If you could be one of your characters for a day, who would it be and why?


The character Hank Jensen (Errant Gods) is largely based on me, so definitely not him! I'd like to be Meuhlnir for a day (or century), maybe.


What is the most difficult thing you've ever researched?


In my novella, The Devil, the character Lily uses slang from multiple languages, including Mexican, Dominican, Hebrew, Russian, German, and Arabic. Keeping all that straight was tough.

What are your goals as an author?


Still writing and self-publishing.


What is the biggest obstacle you face as an author and what do you do to overcome it?


Hands down, my disability. There are weeks and even months at a time when I can't be productive. Unproductive time like that can be the death knell of a novel -- the story dies, the characters become something else, the thread gets lost... One of the best tricks I have in my arsenal at the moment is something I stole from Stephen King -- the "next note." When I'm done writing for the day, I add a "next note" to the bottom of the manuscript. I write what happens next, and if I can't get back to it the next day, it's still there when I can. I also use OneNote to track ideas, characters, settings, etc., because I can get to it from any device.

What is the best compliment you've ever received as an author?


A recent reader told me to think of her as "Constant Reader" (which is how Stephen King addresses his readers in his author's notes).


Have you ever had a particularly harsh critique?


Yes, of course. The thing is, all critiques are good. Even if they are bad. The worst critiques are the "vacuous" ones: things like "this sucks" without further comment. I can't do anything with that. I read every review, every critique, and try to learn from them.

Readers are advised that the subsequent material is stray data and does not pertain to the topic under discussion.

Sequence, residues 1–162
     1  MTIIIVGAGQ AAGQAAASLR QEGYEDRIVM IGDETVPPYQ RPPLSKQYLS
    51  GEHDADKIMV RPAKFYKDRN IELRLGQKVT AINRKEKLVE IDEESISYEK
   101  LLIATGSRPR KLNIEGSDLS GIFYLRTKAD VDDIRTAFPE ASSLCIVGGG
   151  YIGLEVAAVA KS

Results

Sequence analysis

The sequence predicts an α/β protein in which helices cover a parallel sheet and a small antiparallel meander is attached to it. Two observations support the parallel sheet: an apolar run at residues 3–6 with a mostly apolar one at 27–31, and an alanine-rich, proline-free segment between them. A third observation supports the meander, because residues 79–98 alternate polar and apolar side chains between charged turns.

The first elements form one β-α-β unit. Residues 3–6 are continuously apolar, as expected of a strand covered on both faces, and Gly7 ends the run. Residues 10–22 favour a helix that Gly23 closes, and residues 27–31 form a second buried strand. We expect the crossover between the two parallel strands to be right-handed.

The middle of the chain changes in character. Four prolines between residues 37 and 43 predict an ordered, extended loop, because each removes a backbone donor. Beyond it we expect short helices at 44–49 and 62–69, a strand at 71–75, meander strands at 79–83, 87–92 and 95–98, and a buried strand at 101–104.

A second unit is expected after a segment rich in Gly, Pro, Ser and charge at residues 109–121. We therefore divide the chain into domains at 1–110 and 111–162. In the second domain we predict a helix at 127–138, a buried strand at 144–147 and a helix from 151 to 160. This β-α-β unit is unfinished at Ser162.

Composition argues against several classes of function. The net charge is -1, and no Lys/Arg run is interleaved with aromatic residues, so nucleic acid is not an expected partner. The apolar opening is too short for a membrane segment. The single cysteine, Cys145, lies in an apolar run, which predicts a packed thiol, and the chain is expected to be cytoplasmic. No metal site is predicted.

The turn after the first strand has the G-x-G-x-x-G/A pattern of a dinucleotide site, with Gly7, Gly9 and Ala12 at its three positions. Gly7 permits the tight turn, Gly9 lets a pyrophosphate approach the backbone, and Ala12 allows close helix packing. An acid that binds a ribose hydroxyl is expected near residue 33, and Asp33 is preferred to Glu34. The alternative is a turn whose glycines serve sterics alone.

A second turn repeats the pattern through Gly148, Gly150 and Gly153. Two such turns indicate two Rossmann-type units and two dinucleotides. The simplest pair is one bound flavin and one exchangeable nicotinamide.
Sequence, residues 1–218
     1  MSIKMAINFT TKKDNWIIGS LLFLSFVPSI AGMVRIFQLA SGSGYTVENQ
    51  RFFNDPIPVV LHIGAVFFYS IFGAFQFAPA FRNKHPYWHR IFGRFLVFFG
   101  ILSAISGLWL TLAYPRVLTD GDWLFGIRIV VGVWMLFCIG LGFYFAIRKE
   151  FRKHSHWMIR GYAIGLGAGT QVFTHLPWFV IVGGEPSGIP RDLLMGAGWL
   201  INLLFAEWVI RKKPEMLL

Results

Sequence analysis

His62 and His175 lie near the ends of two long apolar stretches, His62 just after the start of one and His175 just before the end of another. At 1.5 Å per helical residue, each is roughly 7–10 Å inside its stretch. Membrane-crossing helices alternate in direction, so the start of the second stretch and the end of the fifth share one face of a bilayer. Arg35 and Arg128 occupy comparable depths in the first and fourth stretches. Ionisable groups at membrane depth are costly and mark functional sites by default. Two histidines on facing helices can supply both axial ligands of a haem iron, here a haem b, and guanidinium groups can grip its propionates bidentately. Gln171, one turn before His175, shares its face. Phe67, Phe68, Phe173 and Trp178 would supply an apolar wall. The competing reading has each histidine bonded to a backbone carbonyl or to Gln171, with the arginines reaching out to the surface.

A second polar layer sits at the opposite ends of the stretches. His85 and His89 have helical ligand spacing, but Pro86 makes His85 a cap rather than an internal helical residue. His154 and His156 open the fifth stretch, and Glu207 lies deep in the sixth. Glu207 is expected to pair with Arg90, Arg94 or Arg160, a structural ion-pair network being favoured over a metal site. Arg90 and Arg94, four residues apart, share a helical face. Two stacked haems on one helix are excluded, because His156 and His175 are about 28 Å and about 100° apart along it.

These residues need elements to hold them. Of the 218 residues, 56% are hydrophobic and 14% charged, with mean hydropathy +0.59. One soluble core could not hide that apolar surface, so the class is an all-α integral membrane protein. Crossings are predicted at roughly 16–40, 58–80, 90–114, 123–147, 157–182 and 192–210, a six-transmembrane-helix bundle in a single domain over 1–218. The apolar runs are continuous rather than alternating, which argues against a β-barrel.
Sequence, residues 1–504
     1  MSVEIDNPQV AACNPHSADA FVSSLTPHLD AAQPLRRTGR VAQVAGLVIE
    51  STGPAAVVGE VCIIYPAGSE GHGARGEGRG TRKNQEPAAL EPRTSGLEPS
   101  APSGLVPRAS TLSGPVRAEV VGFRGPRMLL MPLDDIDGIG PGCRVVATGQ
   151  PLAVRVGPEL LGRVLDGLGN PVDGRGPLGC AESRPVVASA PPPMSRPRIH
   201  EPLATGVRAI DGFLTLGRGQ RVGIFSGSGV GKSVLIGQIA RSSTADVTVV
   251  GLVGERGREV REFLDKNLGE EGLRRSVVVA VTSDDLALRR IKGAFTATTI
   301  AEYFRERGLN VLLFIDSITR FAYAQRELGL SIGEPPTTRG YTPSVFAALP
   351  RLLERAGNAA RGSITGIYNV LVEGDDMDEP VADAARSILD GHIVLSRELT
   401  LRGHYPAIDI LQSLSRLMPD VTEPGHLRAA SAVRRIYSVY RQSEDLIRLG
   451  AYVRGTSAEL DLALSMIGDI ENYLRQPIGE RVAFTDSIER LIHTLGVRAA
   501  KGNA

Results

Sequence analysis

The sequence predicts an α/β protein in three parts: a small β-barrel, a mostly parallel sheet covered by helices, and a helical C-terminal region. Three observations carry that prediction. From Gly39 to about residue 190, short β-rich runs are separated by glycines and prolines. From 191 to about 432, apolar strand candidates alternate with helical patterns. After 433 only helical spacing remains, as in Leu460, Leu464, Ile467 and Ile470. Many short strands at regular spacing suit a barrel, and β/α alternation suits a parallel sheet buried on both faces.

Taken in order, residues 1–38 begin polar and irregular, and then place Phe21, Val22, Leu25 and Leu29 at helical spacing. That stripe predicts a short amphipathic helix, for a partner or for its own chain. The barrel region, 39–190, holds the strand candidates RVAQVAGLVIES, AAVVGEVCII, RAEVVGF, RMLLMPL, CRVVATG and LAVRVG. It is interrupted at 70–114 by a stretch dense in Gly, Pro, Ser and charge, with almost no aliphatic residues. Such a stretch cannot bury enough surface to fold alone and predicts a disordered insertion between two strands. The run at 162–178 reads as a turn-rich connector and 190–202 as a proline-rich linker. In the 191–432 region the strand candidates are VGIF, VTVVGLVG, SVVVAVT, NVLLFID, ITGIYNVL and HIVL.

What do you enjoy doing aside from writing?


Reading, joking around (with everyone), finding the best funny T-shirts.

If you were stranded on a deserted island, and you could only have five books with you, what would they be?


I would have to take 8. The Dark Tower books.

What made you decide to self-publish?


Not to sound like a broken record, but my illness imposes certain restrictions on me. I wrote my non-fiction book right before I was disabled, and meeting deadlines was a problem. With self-publishing, I am the deadline, so they're much easier to meet.

What fears do you have about writing and being an indie author?


Gaining traction with readers, really. I'm proactive about marketing--that's the only solution, I think.

Do you write in first or third person, past or present tense, and why?


All of the above. I don't like present tense much, but when it makes sense, I use it.

Are you a pantser or outliner?


Pantser!

Do you write about real life experiences, or does everything come from your imagination?


I write from experience, but as a horror writer, my imagination definitely gets in its licks.

Have you ever wanted to put one of your characters together with a character from one of your favorite novels? What characters would you choose and how would their meeting go?


I think it would be cool to have Hank Jensen meet Roland Deschain. They would argue about firearms most likely.

How do you market/promote your work?


I do social media and have spent the past few months building a mailing list, and from there, a launch team of readers who are very interested in my writing.


Do you have anything specific you'd like to say to your readers?


I am very thankful to have readers. I'd love to hear from you!